|Born||April 10, 1932 (age 84–85)|
|Genres||Hindustani classical music|
|Associated acts||Mogubai Kurdikar|
Kishori Amonkar[a] is an Indian classical vocalist. She is considered one of the foremost singers in the Hindustani tradition and is an innovator of the Jaipur gharana, or a community of musicians sharing a distinctive musical style. She performs in the classical genre khyal and the light classical genres thumri and bhajan. Amonkar trained under her mother, classical singer Mogubai Kurdikar of the Jaipur gharana (musical tradition of Jaipur), but experimented with a variety of vocal styles in her career. She is considered one of the pre-eminent representatives of Hindustani classical music.
Life and career
Kishori Amonkar was born in Mumbai, Bombay Maharashtra, India, on April 10, 1932.  In the early 1940s, young Kishori began to receive vocal lessons in Hindustani classical music from Anjanibai Malpekar (Bhendi Bazar Gharana) and her mother Mogubai Kurdikar and later received training from tutors of several gharanas. Amonkar became interested in film music and sang playback for the 1964 movie Geet Gaya Patharon Ne, but returned to classical music because of bad experiences in the movie industry. Amonkar lost her voice for two years in the late 1950s for unknown reasons. She sang for the 1990 Hindi film Drishti.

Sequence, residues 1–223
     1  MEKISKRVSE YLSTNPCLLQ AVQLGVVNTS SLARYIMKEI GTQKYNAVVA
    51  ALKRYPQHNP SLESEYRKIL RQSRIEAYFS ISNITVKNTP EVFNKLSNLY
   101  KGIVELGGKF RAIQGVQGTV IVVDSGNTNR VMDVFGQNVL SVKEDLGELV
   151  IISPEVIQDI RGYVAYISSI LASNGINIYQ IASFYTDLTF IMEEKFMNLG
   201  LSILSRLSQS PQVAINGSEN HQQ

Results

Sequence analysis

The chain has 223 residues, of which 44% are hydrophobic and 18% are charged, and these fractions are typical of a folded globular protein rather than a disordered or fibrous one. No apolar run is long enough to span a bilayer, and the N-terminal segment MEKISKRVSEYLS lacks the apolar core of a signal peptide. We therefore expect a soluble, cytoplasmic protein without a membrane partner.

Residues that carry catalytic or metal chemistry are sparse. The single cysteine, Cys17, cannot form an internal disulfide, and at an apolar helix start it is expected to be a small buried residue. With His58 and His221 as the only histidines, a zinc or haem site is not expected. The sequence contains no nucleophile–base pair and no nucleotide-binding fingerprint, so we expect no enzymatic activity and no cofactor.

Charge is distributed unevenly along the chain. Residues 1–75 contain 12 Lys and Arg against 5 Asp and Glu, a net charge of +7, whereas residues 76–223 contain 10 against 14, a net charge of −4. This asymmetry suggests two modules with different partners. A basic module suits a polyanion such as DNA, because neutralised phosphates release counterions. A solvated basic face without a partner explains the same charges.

Amonkar's work in light music has informed her classical singing and she modified her Jaipur gharana performance style by applying features from other gharanas. She has been both praised and criticized for pushing the boundaries of the Jaipur tradition. Her approach prioritizes emotional expression over tradition, so she frequently departs from gharana’s rhythmic, melodic, and structural traditions, Ultimately, she aimed to infuse the emotional appeal of the more popular styles into the comparatively rigid classical tradition.She has created many compositions for a number of ragas. Amonkar's students include Manik Bhide, Meena Joshi, Suhasini Mulgaonkar, Arun Dravid, Raghunandan Panshikar, Arati Ankalikar-Tikekar, Devaki Pandit, Mira Panshikar, Shivraj Shitole, Nandini Bedekar and her granddaughter Tejashree Amonkar. Amonkar is also a popular speaker and has traveled traveled throughout India, best known for lectures on the role of rasa (feelings or emotions) in music.
Amonkar received the national awards Padma Bhushan in 1987 and Padma Vibhushan in 2002. She was awarded the Sangeet Natak Akademi Award for 1985 and the Sangeet Natak Akademi Fellowship for 2009. She was awarded the prestigious Dr. T. M. A. Pai Outstanding Konkani Award in 1991.
- The given name is sometimes wrongly written as Kishore. The male name 'Kishor' is sometimes spelt as 'Kishore' which is fine. But the feminine 'Kishori' should not be spelt 'Kishore'.
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- Deshpande 1989, p. 138
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- Suhasini, Lalitha (13 May 2005). "'She has to learn very fast'". The Indian Express. Retrieved 28 March 2010.
- Deshpande 1989, p. 141
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